The Mysterious Green Men in Medieval Churches

Green Man image with oak leaves and acorns.

Medieval churches all over Europe are decorated with carved, leaf-covered faces called Green Men. But, after all these years, who they are and why they are there remains a mystery.

If you enter one of those magnificent churches built during the Middle Ages and feel like you’re being watched – you probably are. And not just by the gargoyles, grotesques, and other obvious carvings who are eyeing you. Look up toward the ceiling and you might see a man’s face peeking out from an entanglement of leaves – as if he is hiding and wants to observe you undetected.

What Are Green Men

These curious characters that inhabit our sacred spaces are called Green Men and they come in all shapes and sizes. Sometimes they just stare stoically at us, but often they taunt us by making faces or sticking out their tongues. At other times they’re busy spewing foliage out of their mouths, ears, and even their eyes. What these strange faces might have meant to our medieval ancestors remains unknown.

Picture of Green man and woman from St. Albans Cathedral.
 Green Men from St. Albans Cathedral. The one on the left looks to me like a Green Woman. Image by CuriousRambler.com

They’re called “Green Men” with the “green” part of their name referring to the vegetation surrounding (and sometimes sprouting from) their heads. Very rarely, you might find a green woman or a green animal, but for the most part, they are masks of men who have beards and hair of made of leaves. They might be carved of stone or wood and they usually gaze down from church ceilings or pose at the top of columns.

The Green Man’s history is long and obscure. Examples of foliage-covered faces were found in ancient Roman times, and they began to crop up in European churches in the first few centuries AD. But they reached their zenith during the Middle Ages, when there was a surge in church and cathedral building.

Skin colored face with gold leaves sprouting from sides of nose and between eyes.
Gilded Green Man in Norwich Cathedral – Source

What Do They Mean?

Unfortunately, the Medieval architects left us no records of who these Green Men were or what they might represent. Nor do we find any clues in church records. With no firm trail of evidence to tell us who or what they are, people have attached their own ideas to them.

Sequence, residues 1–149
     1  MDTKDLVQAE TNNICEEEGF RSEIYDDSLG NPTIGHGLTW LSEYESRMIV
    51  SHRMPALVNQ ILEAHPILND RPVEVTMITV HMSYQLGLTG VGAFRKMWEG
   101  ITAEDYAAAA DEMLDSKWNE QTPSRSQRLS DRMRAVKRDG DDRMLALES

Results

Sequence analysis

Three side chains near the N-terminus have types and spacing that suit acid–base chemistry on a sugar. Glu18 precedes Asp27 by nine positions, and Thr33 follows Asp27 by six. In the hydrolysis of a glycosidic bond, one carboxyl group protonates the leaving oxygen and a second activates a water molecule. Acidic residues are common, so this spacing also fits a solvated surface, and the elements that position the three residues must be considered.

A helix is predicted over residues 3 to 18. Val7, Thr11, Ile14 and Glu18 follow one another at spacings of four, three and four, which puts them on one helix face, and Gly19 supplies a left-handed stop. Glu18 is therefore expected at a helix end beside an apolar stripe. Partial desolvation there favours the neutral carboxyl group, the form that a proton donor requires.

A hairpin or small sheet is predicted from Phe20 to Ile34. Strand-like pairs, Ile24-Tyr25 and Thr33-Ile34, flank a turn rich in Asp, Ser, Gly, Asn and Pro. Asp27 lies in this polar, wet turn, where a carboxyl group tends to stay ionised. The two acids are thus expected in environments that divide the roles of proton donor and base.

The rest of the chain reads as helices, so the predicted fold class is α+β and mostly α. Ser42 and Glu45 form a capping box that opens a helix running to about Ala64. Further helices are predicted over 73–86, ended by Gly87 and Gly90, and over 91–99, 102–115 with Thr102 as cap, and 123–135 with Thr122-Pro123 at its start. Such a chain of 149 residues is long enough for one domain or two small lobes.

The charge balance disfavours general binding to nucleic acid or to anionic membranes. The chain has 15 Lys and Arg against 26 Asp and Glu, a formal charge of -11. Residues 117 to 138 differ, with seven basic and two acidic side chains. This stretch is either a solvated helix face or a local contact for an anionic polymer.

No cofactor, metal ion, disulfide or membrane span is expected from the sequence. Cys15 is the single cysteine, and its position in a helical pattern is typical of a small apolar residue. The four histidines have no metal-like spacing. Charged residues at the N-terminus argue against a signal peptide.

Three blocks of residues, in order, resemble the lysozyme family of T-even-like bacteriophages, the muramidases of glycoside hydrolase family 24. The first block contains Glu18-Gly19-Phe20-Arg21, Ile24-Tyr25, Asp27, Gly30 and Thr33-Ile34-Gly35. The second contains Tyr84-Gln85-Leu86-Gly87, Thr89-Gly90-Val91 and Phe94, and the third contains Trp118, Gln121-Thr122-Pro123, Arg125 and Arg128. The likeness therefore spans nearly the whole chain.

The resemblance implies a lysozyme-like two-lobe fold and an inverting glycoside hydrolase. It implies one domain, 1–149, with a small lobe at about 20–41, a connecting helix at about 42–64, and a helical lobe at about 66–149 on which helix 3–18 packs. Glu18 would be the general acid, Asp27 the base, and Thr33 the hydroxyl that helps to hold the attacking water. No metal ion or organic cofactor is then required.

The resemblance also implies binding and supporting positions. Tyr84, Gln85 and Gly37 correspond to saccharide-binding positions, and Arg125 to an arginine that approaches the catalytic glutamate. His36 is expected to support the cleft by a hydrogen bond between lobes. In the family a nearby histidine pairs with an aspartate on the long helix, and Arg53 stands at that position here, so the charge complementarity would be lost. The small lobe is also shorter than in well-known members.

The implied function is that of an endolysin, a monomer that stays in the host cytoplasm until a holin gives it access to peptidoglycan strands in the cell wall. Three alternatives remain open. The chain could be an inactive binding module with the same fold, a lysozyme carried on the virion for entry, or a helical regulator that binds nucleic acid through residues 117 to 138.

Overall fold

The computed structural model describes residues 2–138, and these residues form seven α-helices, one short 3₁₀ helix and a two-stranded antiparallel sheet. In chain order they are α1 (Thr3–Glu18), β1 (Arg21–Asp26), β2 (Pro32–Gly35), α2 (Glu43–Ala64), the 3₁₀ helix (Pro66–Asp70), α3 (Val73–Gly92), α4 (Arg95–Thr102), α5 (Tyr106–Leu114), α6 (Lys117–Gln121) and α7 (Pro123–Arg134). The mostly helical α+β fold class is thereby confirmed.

Pagan God

To some people, the Green Man appears to be a Pagan symbol. Perhaps he had links to the Greek god, Dionysus, (also called Bacchus by the Romans) who was god of wine, fertility, and religious ecstasy. Bacchus was often represented wearing a wreath of vines and leaves.

Tree Worship

Another hypothesis is that the Green Man was an integration of tree worship into the church. We know that some Pagans worshipped trees and that in the early days of Christianity, Pagans were brought into the fold by incorporating some of their familiar customs and symbols. Could the Green Man be a tree or vegetation deity? (For more on Pagan tree worship, see: History of the Christmas Tree.)

Westminster Abbey green man with gold face sprouting green leaves.
Green Man in Westminster Abbey – Source

Personification of Nature

Others think that the Green Man might just be a personification of nature. Some Green Men are surrounded by spring leaves and others by autumn foliage. So maybe he is simply the face of nature and the changing seasons which represent birth, death, and rebirth.

Inoffensive

Whatever these Green Men represented, they didn’t cause a fuss with the Medieval churchgoers. No one ever bothered to explain them, and it seems that no one objected to them.

They were just a part of church decoration, and no one gave much thought to them. Then in the late nineteenth and early twentieth century, an interest in folklore and ancient customs took root. People wanted to preserve the old ideas and stories before they were lost to the modern world. 

Rosslyn Chapel Green Man with round face. Leaves growing from mouth.
Rosslyn Chapel in Scotland claims to be adorned, inside and out, with around 100 Green Men.  Source

Lady Raglan Names the Green Man

In the early 1900s, Julia Somerset considered herself an amateur folklorist. She was the wife of Lord Raglan who himself was an amateur anthropologist and archaeologists.

One day Lady Raglan was visiting a church in Wales and the minister, who also fancied himself a student of folklore, pointed out a carving in the church. It was a mans face with oak leaves growing out of the mouth and ears. The minister suggested that it might represent the spirit of inspiration.

But Lady Raglan had other ideas. She began to think of pagan religions and other folkloric characters that she had been reading about. She concluded that the church carvings, along with several mythic characters such as Robin Hood, Jack in the Green, and the May King, must be representations of the same early pagan deity – which she dubbed the Green Man.